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2007 Ron Paul Chapter 57

Not linked on Ron Paul’s Congressional website.

Congressional Record [.PDF]

Unanticipated Good results (When We leave)
6 June 2007

The SPEAKER pro tempore. Under a previous order of the House, the gentleman from Texas (Mr. PAUL) is recognized for 5 minutes.

2007 Ron Paul 57:1
Mr. PAUL. Mr. Speaker, good intentions frequently lead to unintended bad consequences. Tough choices, doing what is right, often leads to unanticipated good results.

2007 Ron Paul 57:2
The growing demand by the American people for us to leave Iraq prompts the naysayers to predict disaster in the Middle East if we do. Of course, these merchants of fear are the same ones who predicted invading and occupying Iraq would be a slam-dunk operation, that we would be welcomed as liberators and oil revenues would pay the bills with minimum loss of American lives. All this hyperbole, while ignoring the precise warnings by our intelligence community of the great difficulties that would lie ahead.

2007 Ron Paul 57:3
The chaos that this pre-emptive undeclared war has created in Iraq has allowed the al Qaeda to establish a foothold in Iraq and the strategic interests of Iran to be served. The unintended consequences have been numerous. A well-intentioned but flawed policy that ignored credible warnings of how things could go awry has produced conditions that have led to a war dominated by procrastination without victory or resolution in sight.

2007 Ron Paul 57:4
Those who want a total military victory, which no one has yet defined, don’t have the troops, the money, the equipment, or the support of a large majority of the American people to do so. Those in Congress who have heard the cry of the electorate to end the war refuse to do so out of fear the demagogues will challenge their patriotism and their support for the troops. So nothing happens except more of the same. The result is continued stalemate with the current policy and the daily sacrifice of American lives.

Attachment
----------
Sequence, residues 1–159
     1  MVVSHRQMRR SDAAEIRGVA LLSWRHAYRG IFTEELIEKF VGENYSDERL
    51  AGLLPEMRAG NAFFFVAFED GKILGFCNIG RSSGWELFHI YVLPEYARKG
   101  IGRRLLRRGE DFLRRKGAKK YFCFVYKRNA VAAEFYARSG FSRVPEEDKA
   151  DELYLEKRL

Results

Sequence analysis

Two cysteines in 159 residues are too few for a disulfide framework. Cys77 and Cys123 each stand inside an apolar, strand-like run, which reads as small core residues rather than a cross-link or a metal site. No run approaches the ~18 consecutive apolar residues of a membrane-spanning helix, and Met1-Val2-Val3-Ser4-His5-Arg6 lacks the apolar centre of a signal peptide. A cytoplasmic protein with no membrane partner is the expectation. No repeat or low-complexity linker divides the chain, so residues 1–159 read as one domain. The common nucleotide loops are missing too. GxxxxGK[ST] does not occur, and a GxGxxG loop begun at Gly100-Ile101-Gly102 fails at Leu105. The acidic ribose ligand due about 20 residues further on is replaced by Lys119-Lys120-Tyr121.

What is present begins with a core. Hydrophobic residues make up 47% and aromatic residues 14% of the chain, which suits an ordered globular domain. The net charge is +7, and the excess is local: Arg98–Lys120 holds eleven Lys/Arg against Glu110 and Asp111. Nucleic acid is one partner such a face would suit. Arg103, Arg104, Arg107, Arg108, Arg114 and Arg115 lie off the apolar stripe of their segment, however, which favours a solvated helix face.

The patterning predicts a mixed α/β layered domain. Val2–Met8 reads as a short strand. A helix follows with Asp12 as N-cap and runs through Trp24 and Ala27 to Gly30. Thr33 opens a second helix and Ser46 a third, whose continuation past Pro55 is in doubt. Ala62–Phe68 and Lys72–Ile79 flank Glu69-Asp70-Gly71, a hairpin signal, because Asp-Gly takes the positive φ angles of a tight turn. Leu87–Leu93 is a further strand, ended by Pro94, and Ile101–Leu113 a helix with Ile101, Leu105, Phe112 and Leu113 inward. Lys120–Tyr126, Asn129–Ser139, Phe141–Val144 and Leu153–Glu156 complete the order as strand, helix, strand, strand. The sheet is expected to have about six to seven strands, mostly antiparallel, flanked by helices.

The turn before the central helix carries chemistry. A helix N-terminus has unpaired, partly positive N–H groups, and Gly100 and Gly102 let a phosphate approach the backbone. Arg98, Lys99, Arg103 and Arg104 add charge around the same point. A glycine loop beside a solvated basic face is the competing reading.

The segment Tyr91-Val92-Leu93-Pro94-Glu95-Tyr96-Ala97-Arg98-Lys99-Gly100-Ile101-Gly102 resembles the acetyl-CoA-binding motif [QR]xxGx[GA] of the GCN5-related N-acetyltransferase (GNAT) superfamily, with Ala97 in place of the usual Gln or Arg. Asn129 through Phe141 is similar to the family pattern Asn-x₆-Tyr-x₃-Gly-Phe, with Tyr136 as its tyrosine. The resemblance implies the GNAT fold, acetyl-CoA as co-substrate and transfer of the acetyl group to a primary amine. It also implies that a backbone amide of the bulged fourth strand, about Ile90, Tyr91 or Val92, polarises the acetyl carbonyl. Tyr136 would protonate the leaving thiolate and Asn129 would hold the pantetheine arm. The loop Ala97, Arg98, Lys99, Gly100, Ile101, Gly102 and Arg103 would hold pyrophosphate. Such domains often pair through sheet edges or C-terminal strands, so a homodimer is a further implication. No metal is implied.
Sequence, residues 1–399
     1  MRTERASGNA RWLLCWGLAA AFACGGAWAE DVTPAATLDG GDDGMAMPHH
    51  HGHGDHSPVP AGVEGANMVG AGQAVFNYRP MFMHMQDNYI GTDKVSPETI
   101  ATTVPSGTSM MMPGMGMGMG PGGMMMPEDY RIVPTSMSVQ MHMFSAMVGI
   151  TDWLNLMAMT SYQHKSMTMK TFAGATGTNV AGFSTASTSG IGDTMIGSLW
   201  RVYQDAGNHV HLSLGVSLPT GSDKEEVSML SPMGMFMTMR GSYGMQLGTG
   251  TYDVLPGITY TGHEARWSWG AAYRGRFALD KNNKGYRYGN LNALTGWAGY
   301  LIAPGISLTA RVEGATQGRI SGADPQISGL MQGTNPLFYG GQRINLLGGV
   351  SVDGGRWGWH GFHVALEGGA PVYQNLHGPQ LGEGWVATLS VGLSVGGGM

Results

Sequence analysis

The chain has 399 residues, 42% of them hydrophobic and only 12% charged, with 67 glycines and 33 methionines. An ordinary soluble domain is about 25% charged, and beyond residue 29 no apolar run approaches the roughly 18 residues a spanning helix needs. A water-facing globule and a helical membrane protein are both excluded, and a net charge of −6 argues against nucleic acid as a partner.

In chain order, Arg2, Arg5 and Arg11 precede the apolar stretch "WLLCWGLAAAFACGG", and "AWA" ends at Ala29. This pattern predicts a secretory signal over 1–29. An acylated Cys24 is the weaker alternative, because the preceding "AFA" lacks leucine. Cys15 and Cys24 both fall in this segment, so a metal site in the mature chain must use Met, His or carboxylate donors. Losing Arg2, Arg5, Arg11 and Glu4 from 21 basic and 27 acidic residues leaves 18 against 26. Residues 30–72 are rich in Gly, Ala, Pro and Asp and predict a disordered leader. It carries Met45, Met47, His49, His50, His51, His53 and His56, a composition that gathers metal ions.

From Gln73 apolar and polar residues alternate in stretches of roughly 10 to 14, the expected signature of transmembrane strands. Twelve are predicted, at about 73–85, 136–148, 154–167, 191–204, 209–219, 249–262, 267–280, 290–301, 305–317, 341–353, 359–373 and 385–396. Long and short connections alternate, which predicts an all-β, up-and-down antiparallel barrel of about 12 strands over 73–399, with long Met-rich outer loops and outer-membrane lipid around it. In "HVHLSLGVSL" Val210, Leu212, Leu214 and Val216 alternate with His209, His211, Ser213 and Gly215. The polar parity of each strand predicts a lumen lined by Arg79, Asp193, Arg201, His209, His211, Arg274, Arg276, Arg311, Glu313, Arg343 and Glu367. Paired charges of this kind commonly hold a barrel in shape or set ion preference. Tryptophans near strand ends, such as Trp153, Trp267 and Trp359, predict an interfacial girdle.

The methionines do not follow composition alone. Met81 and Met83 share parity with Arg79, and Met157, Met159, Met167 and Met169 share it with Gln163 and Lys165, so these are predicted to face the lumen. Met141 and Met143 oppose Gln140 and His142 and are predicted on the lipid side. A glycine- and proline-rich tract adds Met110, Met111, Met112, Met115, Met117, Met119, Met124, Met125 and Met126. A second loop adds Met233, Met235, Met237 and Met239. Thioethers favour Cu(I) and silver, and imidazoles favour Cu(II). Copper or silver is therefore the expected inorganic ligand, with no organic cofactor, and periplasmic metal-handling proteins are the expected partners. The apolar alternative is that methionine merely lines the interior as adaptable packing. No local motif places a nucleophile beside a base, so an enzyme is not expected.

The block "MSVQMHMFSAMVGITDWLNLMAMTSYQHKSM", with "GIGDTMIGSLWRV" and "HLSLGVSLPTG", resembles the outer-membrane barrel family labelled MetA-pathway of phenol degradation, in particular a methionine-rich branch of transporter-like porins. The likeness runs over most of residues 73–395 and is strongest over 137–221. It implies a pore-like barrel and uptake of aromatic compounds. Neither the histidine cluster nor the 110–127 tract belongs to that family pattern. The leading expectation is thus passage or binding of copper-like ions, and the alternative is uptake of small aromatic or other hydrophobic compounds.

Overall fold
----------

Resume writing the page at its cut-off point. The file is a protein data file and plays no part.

2007 Ron Paul 57:5
This wait-and-see attitude and a promised reassessment of events in Iraq late this summer strongly motivates the insurgents to accelerate the killing of Americans to influence the coming decision in 3 months. In contrast, a clear decision to leave would prompt a wait-and-see attitude, a de facto cease fire, in anticipation of our leaving; a perfect time for Iraqi factions to hold their fire on each and on our troops and just possibly start talking with each other.

2007 Ron Paul 57:6
Most Americans do not anticipate a military victory in Iraq, yet the Washington politicians remain frozen in their unwillingness to change our policy there, fearful of the dire predictions that conditions can only get worse if they leave. They refuse to admit the conditions of foreign occupation is the key ingredient that unleashed the civil war now raging in Iraq and serves as a recruiting device for al Qaeda. It is time for a change in American foreign policy.

2007 Ron Paul 57:7
But what if those who were so wrong in their predictions as to the outcome of their invasion are equally wrong about what might happen if we leave? Unanticipated good results may well occur. There is room for optimism. The naysayers have been wrong before and are probably going to be wrong again.

2007 Ron Paul 57:8
The truth is, no one knows exactly what would happen if we leave. Civil strife may last for a while longer, but one thing is certain, no longer will American lives be lost. That in itself would be a blessing and reason enough for doing so.

2007 Ron Paul 57:9